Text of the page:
Get this crazy baby off my head!


Roger Chapman & The Shortlist

Roger Chapman & The Shortlist - Hyenas Only Laugh for Fun - 1981 - Line

Roger Chapman is a British rock legend, and one of the great icons of rock music. He is best known for for his spectacular stage presence and one of the most distinctive voices in rock history with amazing powerful vibrato vocals. Chappo was the main man with the hugely talented and original British band, Family, (who called it a day in the early 70’s). During their seven year lifespan, Family had achieved an almost unequalled standard of musical output and musicianship. Arguably, at least four of their eight albums can be regarded as rock classics. Family were regarded by critics, and by the public in general, as one of Britain's finest rock bands. John Peel, the late, great BBC Radio 1 DJ, once said that he'd travel colossal distances to see Chapman perform. Sadly, by the late seventies, Chapman had practically disappeared from the music scene.The mechanics of the music business, e.g, glam rock, the dawn of punk, new wave, and romanticism, dictated the demise of many great rock and progressive rock bands, who had dominated the music scene, (especially in Britain), for so long. That is not to say that these new genres did not produce some great bands. However, the musical scene at this time did not suit Roger Chapman's style of music, and never one to bow to commercialism, Chapman went to Germany in the early eighties where he still spends most of his time, and is regarded as a cult figure there. He has also received well deserved Artist of the Year and Lifetime Achievement Awards from the German people. "Hyenas Only Laugh for Fun" is not one of Chappo's better known albums, but it is a welcome reminder of how great a musician Roger Chapman is. Some of the tracks are on the short side, but that's a small quibble. Buy Chappo's brilliant 1979 album, "Chappo." It is also a musical education to listen to Family's "Music in a Doll's House," "Bandstand," and "Fearless" albums and Roger Chapman's "Mail Order Magic" album. Roger Chapman And The Shortlist's "A Turn Unstoned?" album is @ CHAPPO/ATU? Search this blog for related releases. N.B: It would be woth buying the CD version of "Hyenas Only Laugh for Fun". The issue posted here is @ 192 bps. Sound is fair to good, but Roger Chapman's music deserves to be heard at it's sonic best



1 Prisoner - Chapman, Hinkley, Whitehorn
2 Hyenas Only Laugh For Fun - Chapman, Hinkley, Whitehorn, Rimson
3 Killing Time - Chapman
4 Wants Nothing Chained - Chapman, Whitehorn
5 The Long Goodbye - Chapman


1 Blood and Sand - Chapman, Whitehorn
2 Common Touch - Chapman
3 Goodbye Reprise - Chapman
4 Hearts on the Floor - Chapman
5 Step Up - Take a Bow - Chapman, Whitney
6 Jukebox Mama - Chapman, Seals


Roger Chapman - Vocals, Harmonica
Geoff Whitehorn - Guitars
Steve Simpson - Slide Guitar, Mandolin, Violin
John Wetton, Jerome Rimson - Bass Guitar
Tim Hinkley - Keyboards
Alan Coulter, Stretch - Drums
Duncan Kinnell - Percussion
Nick Pentelow - Saxophones
"The Shortlist" - Backing Vocals
Poli Palmer - Synthesisers, Programming
Raymond Burrell - Editing Blocks


Roger Chapman (born Roger Maxwell Chapman on April 8, 1942 in Leicester) is an English rock singer. Roger "Chappo" Chapman is probably best known for his participation in the English progressive band Family in the late 1960s through the early 1970s and subsequently, from 1973 to 1978, in Streetwalkers, a rock/R&B band. Prior to Family he had sung with this band's precursor, the Farinas. His idiosyncratic brand of on-stage showmanship and characteristic vibrato led to him becoming a cult figure on the British rock scene. Chapman once claimed he was trying to sing like both Little Richard and especially his idol Ray Charles.In the late 1970s Roger Chapman began a solo career and recorded his first solo album, Chappo. In 1983, Mike Oldfield recorded the album "Crises" featuring the song "Shadow On The Wall" sung by Roger Chapman. The song turned out to be a huge hit for Mike Oldfield (along with the even more popular "Moonlight Shadow"). As other musical styles, such as Punk Rock became more popular in England, Chapman began to have more success in other European countries, especially Germany, where he has spent much of his time since the early 1980s, winning Artist of the Year and a Lifetime Achievement Award.


Roger Chapman is best known for his barbed-wire voice, used to front British '70s rock acts Family and Streetwalkers. He began a long-awaited solo career in 1978 that has led to over a dozen full-length releases. Never heard of them? It's not surprising; album-wise, he's been camped out in Germany for 20 years. His first album and tour got high praise in his British homeland, but critics cut into him soon after. When the hassle-free German market beckoned, Chapman began to focus all subsequent work there, where he has become a musical hero, the "Working Class Artist." Chapman split with his longtime writing partner, Charlie Whitney, after the breakup of Streetwalkers in 1977. He surrounded himself with ace session musicians to cut a debut solo effort, Chappo. It was an album of strong rock which catered to the singer and not the musicians. An appearance on Germany's Rockpalast TV show and the ensuing hit single, "Let's Spend the Night Together," gave Chapman the shot of success he needed, so he set up operations in Germany. Live in Hamburg was a reassuring second album, demonstrating the live energy of this experienced yet stage-crazed performer. Studio albums over the next few years blended straight power rock with funk, R&B and soul, all topped with Chapman's characteristic vocal style. In the 1981 German music awards, Chapman was voted Best Singer, and his Hyenas Only Laugh For Fun won an award. Chapman and his backing band, the Shortlist, released two alter-ego albums in the early '80s as the Riff Burglars. These releases honored roots and classic rock by artists like Chuck Berry, Willie Dixon and Leiber & Stoller. A lead vocal on Mike Oldfield's 1983 hit, "Shadow on the Wall," also added to Chapman's diverse repertoire. Chapman's mid-'80s foray into polished studio sounds did not fare well with his audience. When his extended partnership with guitarist Geoff Whitehorn ran it's course, Chapman returned to pure rock form with 1989's Walking the Cat, which featured Alvin Lee and old friend, Bob Tench. Two compilations filled a silent period in the mid '90s, but 1996's Kiss My Soul was a comeback for the guy who never went away. It even got attention and a pressing in Chapman's British homeland, where he often tours but has no domestic releases. This was followed by 1998's A Turn Unstoned? and the 2-CD Anthology; the next year saw re-releases of Chappo and Mail Order Magic. Moth to a Flame was issued in early 2001. © Patrick Little, allmusic.com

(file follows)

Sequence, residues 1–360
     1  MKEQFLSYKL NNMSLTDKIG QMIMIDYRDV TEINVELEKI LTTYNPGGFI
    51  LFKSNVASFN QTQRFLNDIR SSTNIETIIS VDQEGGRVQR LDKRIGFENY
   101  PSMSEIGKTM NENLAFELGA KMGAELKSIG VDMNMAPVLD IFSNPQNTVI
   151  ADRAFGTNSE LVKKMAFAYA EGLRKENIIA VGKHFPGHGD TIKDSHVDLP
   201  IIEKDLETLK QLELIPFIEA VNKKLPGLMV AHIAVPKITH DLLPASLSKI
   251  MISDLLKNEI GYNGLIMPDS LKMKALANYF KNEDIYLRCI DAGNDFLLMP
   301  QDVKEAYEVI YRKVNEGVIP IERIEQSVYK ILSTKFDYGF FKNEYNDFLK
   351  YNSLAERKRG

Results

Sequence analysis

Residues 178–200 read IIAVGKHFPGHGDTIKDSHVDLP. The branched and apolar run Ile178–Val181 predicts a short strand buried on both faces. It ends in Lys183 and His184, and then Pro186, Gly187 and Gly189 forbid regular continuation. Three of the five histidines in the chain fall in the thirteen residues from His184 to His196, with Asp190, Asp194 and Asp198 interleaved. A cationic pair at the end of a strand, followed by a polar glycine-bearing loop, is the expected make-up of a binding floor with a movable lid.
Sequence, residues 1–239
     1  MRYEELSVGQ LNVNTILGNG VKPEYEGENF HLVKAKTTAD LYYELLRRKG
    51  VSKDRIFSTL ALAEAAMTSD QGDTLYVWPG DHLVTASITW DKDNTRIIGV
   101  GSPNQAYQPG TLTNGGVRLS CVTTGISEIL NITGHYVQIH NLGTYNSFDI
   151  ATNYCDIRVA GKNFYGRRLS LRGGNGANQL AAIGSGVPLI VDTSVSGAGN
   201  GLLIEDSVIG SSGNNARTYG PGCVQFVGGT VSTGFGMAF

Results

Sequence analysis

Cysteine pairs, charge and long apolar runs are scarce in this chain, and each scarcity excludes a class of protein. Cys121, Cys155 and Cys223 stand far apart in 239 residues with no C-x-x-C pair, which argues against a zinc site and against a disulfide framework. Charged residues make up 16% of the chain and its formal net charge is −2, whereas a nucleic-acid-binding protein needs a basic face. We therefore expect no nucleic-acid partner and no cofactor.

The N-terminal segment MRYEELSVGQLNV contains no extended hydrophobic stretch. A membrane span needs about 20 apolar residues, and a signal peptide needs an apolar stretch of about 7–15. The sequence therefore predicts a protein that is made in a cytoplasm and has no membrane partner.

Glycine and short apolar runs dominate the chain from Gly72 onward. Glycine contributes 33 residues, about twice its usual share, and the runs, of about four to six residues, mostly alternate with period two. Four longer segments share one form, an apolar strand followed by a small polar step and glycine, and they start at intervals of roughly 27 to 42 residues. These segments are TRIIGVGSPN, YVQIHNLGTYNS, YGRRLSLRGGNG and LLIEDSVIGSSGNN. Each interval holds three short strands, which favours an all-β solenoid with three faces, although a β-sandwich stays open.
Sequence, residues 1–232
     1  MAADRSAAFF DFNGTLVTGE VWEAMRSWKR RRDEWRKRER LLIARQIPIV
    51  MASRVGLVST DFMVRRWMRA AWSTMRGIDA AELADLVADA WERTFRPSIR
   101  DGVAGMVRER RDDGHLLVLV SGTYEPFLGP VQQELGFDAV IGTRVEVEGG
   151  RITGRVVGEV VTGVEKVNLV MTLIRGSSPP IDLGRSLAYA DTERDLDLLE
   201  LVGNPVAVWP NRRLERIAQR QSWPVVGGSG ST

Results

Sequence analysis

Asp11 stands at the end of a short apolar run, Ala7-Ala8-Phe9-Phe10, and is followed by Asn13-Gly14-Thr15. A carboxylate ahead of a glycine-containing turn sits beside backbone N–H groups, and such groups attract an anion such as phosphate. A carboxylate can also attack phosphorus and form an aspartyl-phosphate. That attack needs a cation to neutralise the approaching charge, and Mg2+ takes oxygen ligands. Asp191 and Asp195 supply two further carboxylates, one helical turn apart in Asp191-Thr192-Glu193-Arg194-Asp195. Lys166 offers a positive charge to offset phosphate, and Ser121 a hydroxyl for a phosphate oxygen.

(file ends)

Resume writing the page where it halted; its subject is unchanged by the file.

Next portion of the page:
FAMILY were formed in Leicester (UK) in 1967, from a band called The Farinas, formed by Charlie Whitney in 1962 when he was at Leicester Art College. They were an R&B outfit who had recorded for the Fontana label and also went under the name The Roaring Sixties. In 1967 The Farinas moved down to London where they came into contact with Kim Fowley, an American producer who suggested the name change to Family. Liberty Records signed them in the September for an excellent psychedelic single called, Scene Thru' The Eyes Of A Lens and the first indication of Chappo's unique vocal style. If you have a copy, it's worth a few bob as it didn't exactly take the charts by storm. It was also an album track on Electric Sugar Cube Flashbacks. (That title must have needed a few pints or something .... ). The most famous and their debut album was Music In A Doll's House which was co-produced by Dave Mason (Traffic). Doll's House was outstanding, fresh, vibrant, exciting, original, just the sort of music that sounded even better when the mind is relaxed. To many it was one of the Top Ten LP's of the decade and one that you had to be seen with under your arm. It still remains today, thirty plus years later, in this writers all time Top Ten. Family became established as a vital cog in the underground circuit. The live show was incredible with Chappo strutting and pouting and looking as if he would lose it at any minute, but of course he didn't. His wailing, vibrating vocals moved the walls. The Doll's House was all original material and like the Beatles great LP, Revolver, almost every track pushed back the boundaries, was different and very much of the times. The band pulled together their immense musical skills, variety of instruments and Chappo's amazing vocals and success in producing something that has truly pasted the test of time. The follow album, Family Entertainment confirmed them as one of Britain's leading rock bands. Many regarded it as impossible to follow the Doll's House, but the album had some very powerful tracks including The Weaver's Answer, Hung Up Down and Observations From A Hill. Many fans would cite Weavers Answer as Chappo at his best. The album hit #6 in the UK Charts but the singles didn't do much until November 1969 when No Mule's Fool reached #29. With success comes changes and 1969 was a year for many of them. Ric Grech left during their first US tour to join Blind Faith. He was replaced by John Weider, from an LA band called Stonehenge and had played with Eric Burdon and The Animals. While on this US Tour, the band fell out with with top American promoter, Bill Graham, an upset that probably caused their failure to make it big in the USA. Back in the UK, Jim King departed from the band. King was replaced by Poli Palmer, from Birmingham who had played in several bands including the Bakerloo Blues Line. Even with these changes more success was to come. The albums A Song For Me and Anyway hit #4 and #7 in the LP Charts and they also had three singles in the charts. John Weider departed in June 1971 to be replaced by John Wetton from Mogul Thrash and left just over a year later to join another great band, King Crimson. (note that John Wetton is also back on the road with his own excellent band) The next two albums were also successful with Fearless and Bandstand, hitting #10 and #15 in the LP charts and also giving them some long awaited success in America by reaching #177 and #183. At this point, Poli Palmer departed to set up a new band with Ric Grech which never got off the ground. Tony Ashton joined on keyboards and Jim Cregan came in from the band Stud. The best times for Family were now in the past and a move of labels from Reprise to Raft to record their last album, It's Only A Movie, failed to lift the fans by October 1973 it was all over. Chappo and Charlie Whitney formed Streetwalkers and Rob Townsend could be found in the successful Medicine Head. Chappo and Charlie Whitney recorded the first Streetwalkers album after Family's farewell tour in 1973 with help from the renowned ex-Jeff Beck guitarist Bobby Tench, plus Linda Lewis and another former Family member John Wetton. The band was not fixed with different members leaving and joining. For many Family fans, Chappo's first Streetwalkers album was a let down. On the Downtown Flyers album Chappo and Charlie Whitney were able to find a more settled band including John Plotel ex Casablanca. With the accent strongly on R&B and Soul, Chappo's unique vocal style became more mainstream than what he'd been doing with Family. However, they had more commercial successful with Red Card, which hit #16 in the Album Charts. As ever, the band found success in Europe especially Germany where Chappo remains in high regard and high demand to play live. © 2011 CannyGigs.Com